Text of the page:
By Ilan Mester
Addicted to art? Love the energy of the chase, and the atmosphere of a community art event? If so, you likely already know about the Ottawa Art Gallery annual art auction. On June 2, artists, art lovers, and community builders will descend on the Ottawa Art Gallery for the chance to take home a made-in-Ottawa work. In advance of the big night, Ottawa Mag chats with OAG organizer Saweena Seth about the evolution of the event, artists to watch, and how to make sure you go home with your personal pièce de résistance.
The Ottawa Art Gallery has been hosting auctions for quite some time. How has the event evolved throughout the years?
The Art Auction is the signature fundraising event for the Ottawa Art Gallery (OAG) and is in its 16th year. In its early years, the event was driven strongly by a theme. There was a year when the artists were given a “regatta” as the subject to work with; another year 23 artists were invited and presented with a “chair” to work with, so the event that year was called 23 Chairs. Our use of a guiding theme has evolved in the past decade, sometimes the theme being a topical one such as ‘Stimulus’ in 2009, with the intention of providing a positive note to the community during an economic downturn. However, the artists have gradually started to either move away from the theme or incorporate it but in a lighter fashion. This year is definitely a turning point for the event where the OAG has decided to give the auction a permanent name and a new look which defines the very spirit of the event it has held since its inception. It’s now called ‘le pArty!’
Over the years the OAG has worked hard to include a wide range of artists — young, mid-career, and senior artists — and there is a focus on always including new artists that have not previously been involved.
More than 60 works will be featured this year. What are some of your favourites from the auction?
We have so many wonderful submissions, and such a wide variety of artists and practices, it’s impossible to choose! However, I could point out that we have a really innovative light-box called Tunnel Vision (2010) by husband and wife duo Andrew and Deborah O’Malley (The Latest Artists). We also have a delicate watercolour called Accordian Adrift (2011) by the young and talented Melanie Authier, whose nationally acclaimed abstract works are taking Ottawa by storm. We have the beautiful carving form of sculptor Paula Murray’s work State of Being (2010), who was recently short-listed for the Council for the Arts in Ottawa Arts Award’s Mid-Career Artist Award. And we will also have an intriguing landscape entitled Study for Valhalla (2011), created by Andrew Morrow, winner of the Council for the Arts in Ottawa Arts Award’s Emerging Artist Award in 2011.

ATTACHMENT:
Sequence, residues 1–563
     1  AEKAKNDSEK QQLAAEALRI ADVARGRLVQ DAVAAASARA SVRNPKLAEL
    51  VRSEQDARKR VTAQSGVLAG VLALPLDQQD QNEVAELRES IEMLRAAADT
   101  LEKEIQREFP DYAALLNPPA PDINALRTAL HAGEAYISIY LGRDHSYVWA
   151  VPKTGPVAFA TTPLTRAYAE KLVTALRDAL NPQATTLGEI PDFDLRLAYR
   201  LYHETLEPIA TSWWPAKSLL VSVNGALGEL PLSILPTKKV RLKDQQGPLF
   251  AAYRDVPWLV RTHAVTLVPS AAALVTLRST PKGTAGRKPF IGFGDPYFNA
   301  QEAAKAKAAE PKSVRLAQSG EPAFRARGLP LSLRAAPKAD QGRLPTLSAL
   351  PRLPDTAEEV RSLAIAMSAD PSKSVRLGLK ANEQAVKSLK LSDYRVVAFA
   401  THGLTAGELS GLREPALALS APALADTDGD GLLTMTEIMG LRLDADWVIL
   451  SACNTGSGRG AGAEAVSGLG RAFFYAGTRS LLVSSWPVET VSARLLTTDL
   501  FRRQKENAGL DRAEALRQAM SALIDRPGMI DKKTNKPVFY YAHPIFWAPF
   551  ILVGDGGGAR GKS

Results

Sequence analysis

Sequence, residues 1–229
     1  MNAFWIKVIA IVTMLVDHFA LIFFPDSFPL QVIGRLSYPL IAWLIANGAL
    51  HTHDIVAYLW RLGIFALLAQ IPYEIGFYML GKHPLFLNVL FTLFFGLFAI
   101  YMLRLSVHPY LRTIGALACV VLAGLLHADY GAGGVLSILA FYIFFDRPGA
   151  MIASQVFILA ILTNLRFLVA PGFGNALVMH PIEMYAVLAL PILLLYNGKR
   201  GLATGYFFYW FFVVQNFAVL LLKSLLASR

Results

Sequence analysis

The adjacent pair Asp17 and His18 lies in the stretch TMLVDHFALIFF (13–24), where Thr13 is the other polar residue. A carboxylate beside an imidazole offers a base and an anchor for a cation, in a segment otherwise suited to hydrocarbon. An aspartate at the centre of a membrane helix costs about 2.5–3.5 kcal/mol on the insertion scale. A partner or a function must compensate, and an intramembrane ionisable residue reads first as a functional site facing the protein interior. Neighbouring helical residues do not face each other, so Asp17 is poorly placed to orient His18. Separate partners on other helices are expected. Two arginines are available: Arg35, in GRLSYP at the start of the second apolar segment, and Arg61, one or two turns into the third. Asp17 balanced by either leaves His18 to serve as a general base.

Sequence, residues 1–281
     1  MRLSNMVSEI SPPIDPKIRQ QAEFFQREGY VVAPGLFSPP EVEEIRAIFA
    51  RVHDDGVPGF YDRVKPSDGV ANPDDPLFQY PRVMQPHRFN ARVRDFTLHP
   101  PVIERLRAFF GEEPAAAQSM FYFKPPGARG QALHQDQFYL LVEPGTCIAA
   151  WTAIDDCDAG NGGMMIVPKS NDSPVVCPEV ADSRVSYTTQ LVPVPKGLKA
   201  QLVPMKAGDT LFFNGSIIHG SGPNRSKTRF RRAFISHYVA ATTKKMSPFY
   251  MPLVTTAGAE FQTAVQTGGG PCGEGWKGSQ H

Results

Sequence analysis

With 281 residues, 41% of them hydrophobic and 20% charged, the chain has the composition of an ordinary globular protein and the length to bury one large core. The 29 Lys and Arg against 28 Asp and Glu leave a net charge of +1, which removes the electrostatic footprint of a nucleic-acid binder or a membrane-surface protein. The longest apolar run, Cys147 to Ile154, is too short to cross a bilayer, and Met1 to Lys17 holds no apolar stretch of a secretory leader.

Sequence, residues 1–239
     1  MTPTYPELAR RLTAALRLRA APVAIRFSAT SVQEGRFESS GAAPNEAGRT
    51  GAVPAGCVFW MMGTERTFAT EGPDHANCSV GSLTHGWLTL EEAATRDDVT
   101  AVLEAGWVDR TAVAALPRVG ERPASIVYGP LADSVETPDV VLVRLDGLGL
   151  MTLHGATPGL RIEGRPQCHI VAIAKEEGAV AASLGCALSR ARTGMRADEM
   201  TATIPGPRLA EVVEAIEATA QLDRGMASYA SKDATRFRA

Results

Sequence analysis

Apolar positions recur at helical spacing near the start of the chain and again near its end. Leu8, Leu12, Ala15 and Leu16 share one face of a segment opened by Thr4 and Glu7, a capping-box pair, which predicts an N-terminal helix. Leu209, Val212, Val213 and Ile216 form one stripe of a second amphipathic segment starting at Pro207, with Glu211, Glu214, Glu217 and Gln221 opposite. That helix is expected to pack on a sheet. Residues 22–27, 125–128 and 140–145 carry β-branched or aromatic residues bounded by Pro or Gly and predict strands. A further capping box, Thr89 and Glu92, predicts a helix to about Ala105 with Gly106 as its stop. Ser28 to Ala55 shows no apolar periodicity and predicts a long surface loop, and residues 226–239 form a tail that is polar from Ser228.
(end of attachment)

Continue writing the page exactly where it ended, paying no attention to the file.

CBC’s Rita Celli will return as emcee for le pArty. What’s it been like working with her?
Rita Celli is a delight to work with! She’s warm, insightful, and above all else a consummate professional. She does a marvelous job as the emcee.
What would you say are some of the current trends for artists in Ottawa?
One of the trends these days is large scale abstract painting. There is a hand-made, folk-inspired aesthetic — it’s often combined with political and social critiques. Surrealist and minimalist drawings and watercolours have also been prevalent on the scene for a few years now. There’s also the theme of environmental issues, sometimes involving an examination of western consumerism, especially through photography. Work exploring the representation of the body, in photography, ceramics, and installation work is also a big trend. There’s actually a lot of video art in the region, addressing everything from memory and a sense of home or place to more political issues such as class and race.
Funds raised will benefit public educational programs. What are some of the upcoming programs?
The event raises essential funds for the gallery’s educational programs, including the Art in the City Summer Camps, family workshops, school visits, and other outreach programs. This year the gallery is very excited to present two new outreach initiatives — Creative Sundays and an art tent. Keep your ear to the ground for details on these!
Do you have any advice for art lovers hoping to nab some paintings?
First, take a good look at all the available works. Go for what you really like, not what you think might increase in value. You can also check out the artists in advance — the OAG website has a special page with the names of the artists and, in most cases, an image of the work along with the value and dimensions so you can give it some thought before you even arrive at the event.
Each work of art has a minimum opening bid and a minimum bid increment. But remember, the bidding process is supposed to be fun!
Thursday, June 2. 6 p.m. – 8 p.m. $85. The Ottawa Art Gallery, 2 Daly Ave. www.ottawaartgallery.ca